As I woke up, I looked over to my right at the two English girls that were sitting next to me. They were heading to Barcelona for a hens weekend and somehow one of them had managed to get very drunk in a short space of time. Once she realised that I was awake she began chatting to me and making that regular small talk that people often do during flights.

She asked me why I was going to Barcelona and I explained that I was joining a tour the following day to go to the San Fermin Festival. Little did I know, she had very strong beliefs about the use of animals in events and festivals. For the next 30 minutes, as we were descending, she lectured me and tried to bring shame to the decisions I had made. It was not enjoyable and the flight could not have landed sooner in my opinion.

The following day I arrived at the Plaça de Catalunya, where I was scheduled to get on a tour bus that would take me to Pamplona. As I checked in with one of the guides I started to get a bad vibe about the whole situation. Their operation seemed to be poorly planned and not many of them knew what was going on. We eventually jumped on the bus and left Barcelona, 30 minutes behind schedule.

Plaça de Catalunya

While on the bus I made friends with James and Guy. James was American and was on holiday in Europe so he decided to make a special trip for the festival. Guy was an Australian backpacker at the start of a trip that would span several months through Europe and the rest of the world. It was nice to finally be among people who actually shared a similar view about the festival and running with the bulls.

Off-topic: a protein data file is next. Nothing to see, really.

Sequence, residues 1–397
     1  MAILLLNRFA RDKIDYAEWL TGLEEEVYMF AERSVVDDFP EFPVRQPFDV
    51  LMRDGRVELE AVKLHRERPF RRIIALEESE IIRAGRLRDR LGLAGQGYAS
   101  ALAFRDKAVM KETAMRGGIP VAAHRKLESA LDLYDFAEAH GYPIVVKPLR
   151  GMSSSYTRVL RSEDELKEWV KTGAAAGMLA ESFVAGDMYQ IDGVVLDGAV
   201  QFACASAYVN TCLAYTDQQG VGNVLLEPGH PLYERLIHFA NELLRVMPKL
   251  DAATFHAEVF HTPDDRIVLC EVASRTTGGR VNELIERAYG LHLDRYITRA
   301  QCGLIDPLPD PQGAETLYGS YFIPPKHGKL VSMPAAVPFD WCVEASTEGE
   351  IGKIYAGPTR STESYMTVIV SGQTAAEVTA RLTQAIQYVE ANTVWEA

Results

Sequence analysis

When we arrived to our campsite, 30 minutes outside of Pamplona, the disorganisation of the tour company became even more apparent. Three full tour buses arrived at the same time and as far as I could tell, there was not set process that we were supposed to follow to check in. As a result, hundreds of us were running around the campsite trying to figure out where and how we were supposed to check in. In short, a process that should have taken us 20 minutes, ended up taking us two hours.


We finally received our tour packages and were assigned to tents. James and I were put in one tent and Guy was put in a tent with another person named Jamie. Jamie had also travelled from London, similar to me. After we threw our bags in our tents the four of us went to get a beer from the camp bar.

When I initially booked the tour, we were promised free beer at the camp bar. However, when we checked in we were told that they had changed the plan and that there was a bar in the middle of the city that would serve us free beer. I was still exhausted and felt like staying at the camp bar for the night so I was a bit pissed off with their unannounced change.

We had a couple of beers at the camp bar and I got over my frustration quickly. I did not originally plan on going into Pamplona that night but since that was where the free beer was, we decided it was economical to go into the city.